Containers make deployment easy, or at least that’s what it says on the label. It makes intuitive sense, though- instead of wrangling all your dependencies on a host OS, and then trying to understand why your app can’t see them, you bundle all the dependencies into a container and push that around when you want to deploy. It Just Works™.
Sandra had just left a company which didn’t use containers, but containers wouldn’t have helped: the didn’t have a working deployment process, period. They didn’t even try deploying before the production push 9 months into the project, and the first twelve attempts consistently failed because someone hadn’t tested something, or someone didn’t update the script, or the requirements changed and were signed off but nobody told the development team. It meant a lot of nights, a lot of weekends, and a lot of meetings which devolved into circular firing squads.
Enter Initrovent™, a cutting edge, SaaS provider which serviced the event planning industry. Karl, the Big Boss, assured Sandra that he completely understood the importance of deployments. “Oh, you don’t have to tell me,” he said. “I’ve seen so many failed deployments. We’re actually moving our platform into dockerized microservices with continuous deployment. We’ve build a process which works for us.”
Overall, the gig sounded like a good fit, so Sandra started a few Mondays later. She spent most of the day “on boarding”, so it wasn’t until late in the afternoon that she tried to get her development environment set up. Based on her conversation with Karl, Sandra had assumed she’d pull down a container and be ready to go.
She was half right. The company had one standard container. It had nothing in it. The install guide walked Sandra through spinning up one container and installing Apache, then another container for MySQL, then another for Memecache, then another for something only called “queue”, which reeked of some sort of inner-platform attempt at being “enterprise”, but Karl could only explain as being required “because of Docker”.
That was Sandra’s first day. On her way out, she stopped by Karl’s office. “Hey, since I’ve got those containers set up, should I put them somewhere so other devs don’t have to set them up?”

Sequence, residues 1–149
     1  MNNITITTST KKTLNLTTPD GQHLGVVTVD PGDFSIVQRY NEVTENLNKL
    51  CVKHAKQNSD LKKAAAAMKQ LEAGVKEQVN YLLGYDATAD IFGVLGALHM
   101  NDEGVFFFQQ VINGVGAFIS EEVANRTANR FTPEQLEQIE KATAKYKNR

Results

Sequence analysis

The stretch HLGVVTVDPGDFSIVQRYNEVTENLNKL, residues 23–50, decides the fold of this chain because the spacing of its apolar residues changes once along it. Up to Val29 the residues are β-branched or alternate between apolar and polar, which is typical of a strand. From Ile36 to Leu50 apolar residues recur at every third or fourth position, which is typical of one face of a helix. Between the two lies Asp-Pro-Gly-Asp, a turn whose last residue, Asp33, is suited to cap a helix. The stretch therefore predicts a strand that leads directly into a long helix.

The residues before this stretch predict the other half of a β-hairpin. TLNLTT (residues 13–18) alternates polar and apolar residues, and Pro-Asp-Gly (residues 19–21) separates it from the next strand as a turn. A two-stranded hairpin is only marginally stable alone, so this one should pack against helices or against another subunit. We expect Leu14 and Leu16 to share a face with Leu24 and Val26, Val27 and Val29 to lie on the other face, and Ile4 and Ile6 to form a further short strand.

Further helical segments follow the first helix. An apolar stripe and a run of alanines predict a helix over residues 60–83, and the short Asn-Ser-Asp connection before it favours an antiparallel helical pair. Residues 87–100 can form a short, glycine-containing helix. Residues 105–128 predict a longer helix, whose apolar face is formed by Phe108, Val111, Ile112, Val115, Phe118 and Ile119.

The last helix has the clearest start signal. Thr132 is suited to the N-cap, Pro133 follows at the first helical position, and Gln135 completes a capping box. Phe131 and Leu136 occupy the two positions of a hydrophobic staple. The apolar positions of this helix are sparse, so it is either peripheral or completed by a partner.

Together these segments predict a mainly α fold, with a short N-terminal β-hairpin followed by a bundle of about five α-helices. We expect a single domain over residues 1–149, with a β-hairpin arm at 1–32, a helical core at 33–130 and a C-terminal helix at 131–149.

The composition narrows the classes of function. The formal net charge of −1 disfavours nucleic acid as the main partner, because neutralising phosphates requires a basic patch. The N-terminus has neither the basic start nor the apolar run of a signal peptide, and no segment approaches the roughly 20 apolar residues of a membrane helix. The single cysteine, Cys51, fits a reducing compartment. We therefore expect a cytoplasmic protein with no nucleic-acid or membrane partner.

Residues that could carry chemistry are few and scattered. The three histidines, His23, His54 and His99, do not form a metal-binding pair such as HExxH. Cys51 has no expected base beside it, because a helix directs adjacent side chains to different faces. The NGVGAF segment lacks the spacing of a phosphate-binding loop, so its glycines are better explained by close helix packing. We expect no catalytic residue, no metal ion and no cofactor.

“What do you mean?” Karl asked.
“Y’know, so they don’t have to set up from scratch every time? They can just use the containers I set up?”
Karl nodded, as if he understood. “Oh, I don’t think that’s necessary. Besides, in my experience, every developer wants to set their environment up themselves. It’s fine.”
“That’s not how containers work.”
“Well, it works for us,” Karl said.
The next day, Sandra pulled down the code. The install guide, in bright red text, loudly announced that it must be placed in the
/projects/intirovent/planner folder, because the Docker container was hard-coded to use that mount point, and no other. Once she had the code downloaded, she tried to test it, and discovered nothing but error messages. She went back through the install guide, just to be certain, and then took a glance at the code.
It was not microservices. It was a PHP monolith written using a 2012 release of CakePHP which had been endlessly tweaked in the intervening years. Lining up the errors she was seeing with the code, it quickly became obvious that unless a user was very careful with the application, they would see lots and lots of error messages. With a little practice, Sandra managed to get through the sign up process with only one cryptic 500 error, and even created an event.
In that code there was a folder called microservices. It was a bunch of RESTful endpoints. Karl explained: “They’re small, and they’re web services.”
“That’s… that’s not how microservices work.”
“Well, it works for us.”
That was Sandra’s second day. The week ground on like three fully interlocked gears, but by the end of the week, Sandra had not only cleaned up a few of the nastier bugs, but had finished off a new and rather large feature. She closed the ticket, and then Karl followed up: “Swing by, and I can show you how deployments work.”
“Deployments? On a Friday afternoon?” Sandra asked when she got to Karl’s office.
“Well, I did say we do continuous deployment.”
“That’s… not how continuous deployment works.”
“-works for us?” Sandra took a seat to watch the show. She wasn’t surprised by what she saw.
The purpose of containers is to have a single unit, with all its dependencies, which can be deployed, possibly to many different machines or VMs. That’s, at its core, how containers work. They’re easy to test, they’re easy to automate, and they’re easy to deploy.
Karl didn’t test, didn’t automate, and the deployment… well. Karl SSHed into the one server which constituted their production environment, and then went over to
/projects/intirovent/planner, where he issued a
git pull. Karl pulled up the site in his browser, hit refresh a few times, and smiled when he saw the landing page. “Great work.”
“That’s your deployment process?”
“Yep. Works pretty great, doesn’t it?”
The deployment process may have worked for Karl, but Sandra didn’t plan to work for him much longer.
Continuously monitor your servers for configuration changes, and report when there’s configuration drift.